Here is a list of the most common medication side effects, which might cause them, and some solutions for managing them.

Appetite loss

Examples of drugs that may cause it:

  • abacavir (Ziagen)
  • zidovudine

What might Help:

  • Eat several small meals per day instead of three large ones.
  • Drink smoothies or take nutritional supplements to ensure the body gets enough vitamins and minerals.
  • Ask a healthcare provider about taking an appetite stimulant.


Lipodystrophy is a condition that causes people to lose or gain fat in specific body areas. This may make some people feel self-conscious or anxious.

Examples of drugs that may cause it: 

Combinations of drugs from the nucleoside/nucleotide reverse transcriptase inhibitor (NRTI) and protease inhibitor classes.

NRTIs include:

Protease inhibitors include:

  • atazanavir
  • darunavir
  • fosamprenavir
  • indinavir
  • lopinavir
  • nelfinavir
  • ritonavir
  • saquinavir
  • tipranavir

What might help:

  • Exercise can help reduce body fat from the whole body, including the areas where fat has built up.
  • An injectable drug called tesamorelin (Egrifta) may help reduce excess belly fat in people who take HIV drugs. However, when people stop taking tesamorelin, belly fat will likely return.
  • Liposuction can remove fat in areas where it has been collected.
  • If weight loss occurs in the face, a healthcare provider can provide information about polylactic acid injections (New Fill, Sculptra).
  • People with diabetes and HIV could ask their healthcare provider about taking metformin. This diabetes drug can help reduce abdominal fat caused by lipodystrophy.


Examples of drugs that may cause it:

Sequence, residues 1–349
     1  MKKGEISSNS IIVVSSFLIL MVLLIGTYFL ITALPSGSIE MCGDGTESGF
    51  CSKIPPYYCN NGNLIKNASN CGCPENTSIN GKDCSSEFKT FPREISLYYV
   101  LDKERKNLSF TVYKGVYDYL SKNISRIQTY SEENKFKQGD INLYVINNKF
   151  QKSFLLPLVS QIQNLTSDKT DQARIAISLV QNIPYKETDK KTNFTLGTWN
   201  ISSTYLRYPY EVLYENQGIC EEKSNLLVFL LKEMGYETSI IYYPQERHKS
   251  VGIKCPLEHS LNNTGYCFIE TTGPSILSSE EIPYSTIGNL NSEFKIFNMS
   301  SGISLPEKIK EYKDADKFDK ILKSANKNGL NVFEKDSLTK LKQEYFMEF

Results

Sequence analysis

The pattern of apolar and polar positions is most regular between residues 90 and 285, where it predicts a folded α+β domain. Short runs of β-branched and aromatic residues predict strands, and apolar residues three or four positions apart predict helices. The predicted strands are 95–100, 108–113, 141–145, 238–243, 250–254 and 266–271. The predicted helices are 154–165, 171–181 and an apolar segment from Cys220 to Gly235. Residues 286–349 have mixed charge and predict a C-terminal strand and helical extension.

What might help:

  • Eat fewer greasy, fatty, spicy, and dairy foods, including fried foods and products that contain milk.
  • Eat fewer foods high in insoluble fiber, such as raw vegetables, whole grain cereals, and nuts.
  • Ask a healthcare provider about the benefits of taking over-the-counter anti-diarrheal medications, such as loperamide (Imodium).


Fatigue is a side effect of HIV drug treatment but also a symptom of HIV.

Examples of drugs that may cause it:

  • zidovudine
  • efavirenz

What might help:

  • Eat nutritious foods to increase energy.
  • Exercise as often as possible.
  • Avoid smoking and drinking alcohol.
  • Stick to a set sleep schedule and avoid taking naps.

Higher than normal levels of cholesterol and triglycerides

Examples of drugs that may cause it:

  • All HIV medications are known as possible causes.

What might help:

  • Avoid smoking.
  • Get more exercise.
  • Reduce the amount of fat in the diet. Talk with a nutritionist about the safest way to do this.
  • Eat fish and other foods that are high in omega-3 fatty acids. These include walnuts, flaxseeds, and canola oil.
  • Have blood tests to check cholesterol and triglyceride levels as often as a healthcare provider suggests.
  • Take statins or other medications that lower cholesterol if prescribed by a healthcare provider.

Mood changes, depression, and anxiety

Mood changes, including depression and anxiety, can be a side effect of HIV drug treatment. But mood changes can also be a symptom of HIV.

Examples of drugs that may cause it:

  • efavirenz (Sustiva)
  • rilpivirine (Edurant, Odefsey, Complera)
  • dolutegravir

What might help:

Nausea and vomiting

Examples of drugs that may cause it: 

Almost all HIV drugs.

What might help:

  • Eat smaller portions throughout the day instead of three big meals.
  • Eat bland foods, such as plain rice and crackers.
  • Avoid fatty, spicy foods.
  • Eat meals cold instead of hot.
  • Ask a healthcare provider about antiemetic medications to control nausea.


A rash is a side effect of almost every HIV medication. But a severe rash can also signify an allergic reaction or another serious condition. Call 911 or go to the emergency room if you have a rash along with any of the following:

  • trouble breathing or swallowing
  • fever
  • blisters, especially around the mouth, nose, and eye
  • a rash that starts quickly and spreads

Examples of drugs that may cause rash:

  • protease inhibitors
  • emtricitabine
  • raltegravir
  • elvitegravir/tenofovir disoproxil/emtricitabine